The Energy Transition
For the fourth article in our “The Energy Transition – Post-COVID 19” series, we discuss the trends of solar as an energy source in the context of the soon-to-be post-pandemic world.
According to the International Energy Agency (IEA), renewable energy is expected to overtake coal as the primary means of electricity production by 2025, with solar energy expected to lead the surge. Currently, solar is already the cleanest and most abundant energy source, on top of being the cheapest in most countries.
Despite supply side disruptions to solar panels and assemblages due to COVID-19, according to the IEA, solar project construction activity slowed in March and April 2020 but regained momentum by May. The IEA expected global solar photovoltaic (PV) capacity additions to hit almost 107 gigawatts in 2020 – more than half of all renewable capacity additions for the year – indicating stable growth from 2019 numbers.
Drastically falling costs
Due to maturing technology and support mechanisms as well as the growth of a solar industry ecosystem that have cut financing costs for major solar PV projects, solar PV is now cheaper than new coal or gas fired power plants in most countries.
A recent study published in partnership with Oxford University on Our World in Data, an online science publication, shows an 89% decrease in the price of solar PV power from new power plants over the last ten years to about US$40 per megawatt hour. The same study showed that the price for coal power over the same period has only fallen 2% to US$109 per megawatt hour, with gas peaker plant prices falling 37% to US$175 per megawatt hour and that of combined cycle gas plants falling 32% to US$56 per megawatt hour.
Favourable government policies
Besides falling costs, one of the primary drivers for the growth of the solar energy market is the important part played by government initiatives and policies. In many countries like the US, China, Japan, and the EU, policies such as feed-in tariffs, investment tax credits, net metering, and capital subsidies have been strong drivers behind the adoption of solar energy.
As the largest market in the world for both solar PV and solar thermal energy since 2015, China has been accelerating growth of the industry largely due to subsidies such as feed-in tariff payments for large-scale projects. However, the Chinese government announced a transition from subsidy allocations to competitive auctions in 2018, with subsidies to be phased out completely by 2021. Despite the uncertainties over the new policy scheme, newly introduced provincial spot electricity and green certificate markets, implementation of the new renewable portfolio standards scheme, and continuously falling costs, are likely to support the growth of solar in China in the coming years.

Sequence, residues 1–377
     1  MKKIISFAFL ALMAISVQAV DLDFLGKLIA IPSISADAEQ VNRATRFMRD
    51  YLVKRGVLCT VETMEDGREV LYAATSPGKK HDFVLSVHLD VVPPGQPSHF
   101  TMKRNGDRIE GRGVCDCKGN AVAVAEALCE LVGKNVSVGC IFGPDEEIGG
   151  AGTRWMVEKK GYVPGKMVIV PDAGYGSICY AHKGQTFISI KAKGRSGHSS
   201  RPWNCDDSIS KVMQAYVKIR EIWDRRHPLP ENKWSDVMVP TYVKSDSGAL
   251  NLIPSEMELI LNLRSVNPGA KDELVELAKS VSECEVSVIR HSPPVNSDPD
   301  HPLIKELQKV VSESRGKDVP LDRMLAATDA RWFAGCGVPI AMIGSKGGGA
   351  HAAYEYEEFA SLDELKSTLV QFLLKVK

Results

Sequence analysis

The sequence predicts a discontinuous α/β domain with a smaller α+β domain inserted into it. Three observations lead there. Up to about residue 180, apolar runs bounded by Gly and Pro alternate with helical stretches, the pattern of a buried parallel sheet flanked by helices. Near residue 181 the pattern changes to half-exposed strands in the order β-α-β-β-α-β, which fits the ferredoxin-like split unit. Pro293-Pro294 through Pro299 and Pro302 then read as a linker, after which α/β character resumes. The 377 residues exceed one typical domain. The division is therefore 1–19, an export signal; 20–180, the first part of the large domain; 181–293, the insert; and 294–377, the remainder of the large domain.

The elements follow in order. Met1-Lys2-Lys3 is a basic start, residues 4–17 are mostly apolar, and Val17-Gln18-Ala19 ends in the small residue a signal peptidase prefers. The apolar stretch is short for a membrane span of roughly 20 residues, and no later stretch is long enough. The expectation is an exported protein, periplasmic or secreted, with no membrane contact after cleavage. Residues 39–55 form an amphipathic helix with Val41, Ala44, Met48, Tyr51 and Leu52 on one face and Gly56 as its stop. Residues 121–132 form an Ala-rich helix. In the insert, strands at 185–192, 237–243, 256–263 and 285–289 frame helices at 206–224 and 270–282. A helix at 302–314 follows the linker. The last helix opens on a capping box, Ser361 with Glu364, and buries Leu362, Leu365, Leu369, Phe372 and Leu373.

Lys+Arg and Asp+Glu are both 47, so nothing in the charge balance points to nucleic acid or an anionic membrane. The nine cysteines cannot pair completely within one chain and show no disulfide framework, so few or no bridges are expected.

One of the main drivers for annual solar capacity growth in the United States is their version of renewable portfolio standards that require retailers to procure a percentage of electricity from renewables. With almost half of the country’s planned solar projects situated in states that implement such standards, against a backdrop of falling costs and improving bankability, growth of utility-scale solar PV capacity appears increasingly sustainable.
Despite some uncertainties regarding the new support scheme in China, solar PV deployment is still expected to gain speed globally due to falling costs and ongoing policy support in other major markets like Europe, Japan and India.
Expansion in the form of distributed energy resources
As the business world comes to terms with the benefits of working-from-home, as accelerated by the COVID-19 pandemic, industry experts are observing a rise in demand for distributed energy resources (DERs) and “behind-the-meter” energy storage and delivery arrangements.
As opposed to the traditional power supply from central facilities provided by utilities, DERs consist of technologies that can provide power to clients outside of the traditional grid. DERs are usually behind-the-meter such as where clients are supplied power through a direct connection with the (most commonly solar) installation, so that electricity output can reach the client without power lines and meters owned by a local energy company.
Normally involving less paperwork, since such projects do not require infrastructure owned by local energy companies, demand for DERs is being driven by lowering costs due to technological advancements (especially relating to battery technology) and a stronger sense of empowerment among customers in being able to exercise greater control and independence over their own energy needs.
In the past year, economic uncertainty caused by the COVID-19 pandemic shifted the financial priorities of many individuals and small to medium enterprises – the main clients of DERs. Global distributed solar PV additions saw a decline in key markets like the US, Europe, India and Japan in 2020, according to the IEA. As the world economy recovers however, with strong support from policy incentives, especially in major markets such as China and Brazil, growth in demand for solar DERs seems to be another avenue for the expanding use of solar power.
The king of the renewables
The IEA, at its annual World Energy Outlook in October 2020, proclaimed solar energy as the “new king of the world's electricity markets”, and foresees that solar PV capacity will grow at an average of 12% a year from 2020 to 2030.
There are some headwinds in the form of policy uncertainties, regulatory challenges, as well as infrastructure and grid connection issues in major emerging markets like India, Latin America and ASEAN. However, as the global economic recovery brings about expansion in the DERs market, especially in developing countries in Asia and Africa, and continuous policy support and cost reductions accelerate global solar PV expansion, solar power looks to play a leading role among the renewables in the coming years.